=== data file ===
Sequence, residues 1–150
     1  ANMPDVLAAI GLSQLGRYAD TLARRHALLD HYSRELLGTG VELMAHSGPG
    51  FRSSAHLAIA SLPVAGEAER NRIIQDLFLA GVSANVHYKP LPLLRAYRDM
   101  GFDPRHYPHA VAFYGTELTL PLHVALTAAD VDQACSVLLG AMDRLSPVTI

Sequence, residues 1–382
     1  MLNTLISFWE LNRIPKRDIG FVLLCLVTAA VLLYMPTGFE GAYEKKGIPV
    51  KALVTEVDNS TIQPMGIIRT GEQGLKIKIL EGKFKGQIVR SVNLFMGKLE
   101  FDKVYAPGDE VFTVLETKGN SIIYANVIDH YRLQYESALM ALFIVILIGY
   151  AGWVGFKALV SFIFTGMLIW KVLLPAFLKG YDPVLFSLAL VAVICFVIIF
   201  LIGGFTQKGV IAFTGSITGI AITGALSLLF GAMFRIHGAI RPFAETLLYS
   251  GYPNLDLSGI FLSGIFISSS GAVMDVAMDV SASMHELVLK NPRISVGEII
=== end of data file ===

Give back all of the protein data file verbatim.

Sequence, residues 1–150
     1  ANMPDVLAAI GLSQLGRYAD TLARRHALLD HYSRELLGTG VELMAHSGPG
    51  FRSSAHLAIA SLPVAGEAER NRIIQDLFLA GVSANVHYKP LPLLRAYRDM
   101  GFDPRHYPHA VAFYGTELTL PLHVALTAAD VDQACSVLLG AMDRLSPVTI

Sequence, residues 1–382
     1  MLNTLISFWE LNRIPKRDIG FVLLCLVTAA VLLYMPTGFE GAYEKKGIPV
    51  KALVTEVDNS TIQPMGIIRT GEQGLKIKIL EGKFKGQIVR SVNLFMGKLE
   101  FDKVYAPGDE VFTVLETKGN SIIYANVIDH YRLQYESALM ALFIVILIGY
   151  AGWVGFKALV SFIFTGMLIW KVLLPAFLKG YDPVLFSLAL VAVICFVIIF
   201  LIGGFTQKGV IAFTGSITGI AITGALSLLF GAMFRIHGAI RPFAETLLYS
   251  GYPNLDLSGI FLSGIFISSS GAVMDVAMDV SASMHELVLK NPRISVGEII